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helping

[hel-ping] /ˈhɛl pɪŋ/
noun
1.
the act of a person or thing that helps.
2.
a portion of food served to a person at one time:
That's his third helping of ice cream.
adjective
3.
giving aid, assistance, support, or the like.
Origin
1175-1225
1175-1225; Middle English; see help, -ing1, -ing2
Related forms
helpingly, adverb
unhelping, adjective

help

[help] /hɛlp/
verb (used with object)
1.
to give or provide what is necessary to accomplish a task or satisfy a need; contribute strength or means to; render assistance to; cooperate effectively with; aid; assist:
He planned to help me with my work. Let me help you with those packages.
2.
to save; rescue; succor:
Help me, I'm falling!
3.
to make easier or less difficult; contribute to; facilitate:
The exercise of restraint is certain to help the achievement of peace.
4.
to be useful or profitable to:
Her quick mind helped her career.
5.
to refrain from; avoid (usually preceded by can or cannot):
He can't help doing it.
6.
to relieve or break the uniformity of:
Small patches of bright color can help an otherwise dull interior.
7.
to relieve (someone) in need, sickness, pain, or distress.
8.
to remedy, stop, or prevent:
Nothing will help my headache.
9.
to serve food to at table (usually followed by to):
Help her to salad.
10.
to serve or wait on (a customer), as in a store.
verb (used without object)
11.
to give aid; be of service or advantage:
Every little bit helps.
noun
12.
the act of helping; aid or assistance; relief or succor.
13.
a person or thing that helps:
She certainly is a help in an emergency.
14.
a hired helper; employee.
15.
a body of such helpers.
16.
a domestic servant or a farm laborer.
17.
means of remedying, stopping, or preventing:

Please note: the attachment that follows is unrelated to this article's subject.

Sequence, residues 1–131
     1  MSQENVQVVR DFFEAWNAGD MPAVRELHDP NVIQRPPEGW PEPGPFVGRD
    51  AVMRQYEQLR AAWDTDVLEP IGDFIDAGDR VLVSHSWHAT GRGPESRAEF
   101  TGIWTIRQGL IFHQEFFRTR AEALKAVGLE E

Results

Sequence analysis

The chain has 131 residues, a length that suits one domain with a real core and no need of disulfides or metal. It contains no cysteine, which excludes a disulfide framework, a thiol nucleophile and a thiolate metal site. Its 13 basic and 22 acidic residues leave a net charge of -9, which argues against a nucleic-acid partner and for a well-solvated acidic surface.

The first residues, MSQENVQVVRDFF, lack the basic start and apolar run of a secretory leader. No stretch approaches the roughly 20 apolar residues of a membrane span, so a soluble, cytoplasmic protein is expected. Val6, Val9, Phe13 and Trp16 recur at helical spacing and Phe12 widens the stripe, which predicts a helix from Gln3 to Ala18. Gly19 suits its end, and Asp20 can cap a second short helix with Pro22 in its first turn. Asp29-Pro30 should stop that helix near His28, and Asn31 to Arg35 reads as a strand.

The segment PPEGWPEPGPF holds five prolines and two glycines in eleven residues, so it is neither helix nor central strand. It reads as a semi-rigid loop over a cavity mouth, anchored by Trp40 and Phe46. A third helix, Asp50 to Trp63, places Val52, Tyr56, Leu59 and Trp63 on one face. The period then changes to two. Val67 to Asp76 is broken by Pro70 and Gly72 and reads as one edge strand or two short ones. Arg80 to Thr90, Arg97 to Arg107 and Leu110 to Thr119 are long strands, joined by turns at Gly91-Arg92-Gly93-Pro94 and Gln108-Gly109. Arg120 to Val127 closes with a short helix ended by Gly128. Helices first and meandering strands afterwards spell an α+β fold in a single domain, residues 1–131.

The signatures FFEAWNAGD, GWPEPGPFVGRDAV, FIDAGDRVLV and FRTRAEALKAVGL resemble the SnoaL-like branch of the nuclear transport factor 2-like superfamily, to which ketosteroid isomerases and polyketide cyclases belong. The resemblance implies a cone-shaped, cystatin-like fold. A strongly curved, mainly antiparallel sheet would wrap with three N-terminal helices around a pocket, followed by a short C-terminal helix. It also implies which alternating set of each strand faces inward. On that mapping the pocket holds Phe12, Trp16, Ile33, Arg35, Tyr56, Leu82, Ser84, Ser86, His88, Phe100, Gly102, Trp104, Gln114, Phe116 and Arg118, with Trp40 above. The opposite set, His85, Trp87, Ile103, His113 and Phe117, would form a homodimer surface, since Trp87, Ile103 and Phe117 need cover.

The thing is done, and there is no help for it now.
18.
Older Use. helping (def 2).
interjection
19.
(used as an exclamation to call for assistance or to attract attention.)
Verb phrases
20.
help out, to assist in an effort; be of aid to:
Her relatives helped out when she became ill.
Idioms
21.
cannot / can't help but, to be unable to refrain from or avoid; be obliged to:
Still, you can't help but admire her.
22.
help oneself to,
  1. to serve oneself; take a portion of:
    Help yourself to the cake.
  2. to take or use without asking permission; appropriate:
    They helped themselves to the farmer's apples. Help yourself to any of the books we're giving away.
23.
so help me, (used as a mild form of the oath “so help me God”) I am speaking the truth; on my honor:
That's exactly what happened, so help me.
Origin
before 900; Middle English helpen, Old English helpan; cognate with German helfen
Related forms
helpable, adjective
underhelp, noun
unhelpable, adjective
unhelped, adjective
well-helped, adjective
Synonyms
1. encourage, befriend; support, second, uphold, back, abet. Help, aid, assist, succor agree in the idea of furnishing another with something needed, especially when the need comes at a particular time. Help implies furnishing anything that furthers one's efforts or relieves one's wants or necessities. Aid and assist, somewhat more formal, imply especially a furthering or seconding of another's efforts. Aid implies a more active helping; assist implies less need and less help. To succor, still more formal and literary, is to give timely help and relief in difficulty or distress: Succor him in his hour of need. 3. further, promote, foster. 6. ameliorate. 7. alleviate, cure, heal. 12. support, backing.
Antonyms
3, 11. hinder. 7. afflict. 13. hindrance.
Usage note
21. Help but, in sentences like She's so clever you can't help but admire her, has been condemned by some as the ungrammatical version of cannot help admiring her, but the idiom is common in all kinds of speech and writing and can only be characterized as standard.
Dictionary.com Unabridged
Based on the Random House Dictionary, © Random House, Inc. 2014.
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Examples for helping
  • Experimental therapies are helping many children with severe food allergies eat peanut butter or milk without getting sick.
  • Reading stories can fine-tune your social skills by helping you better understand other human beings.
  • And that's when the process of helping our crustaceans shed their mortal coil truly began.
  • Thanks for helping us in getting know to pomegranate salad.
  • They seemed happy only when they were helping the students in some manner.
  • If sympathy becomes distorted and morbid, it hampers instead of helping the effort toward social betterment.
  • If one succeeds in helping him to overcome this new resistance, then he regains his insight and his understanding.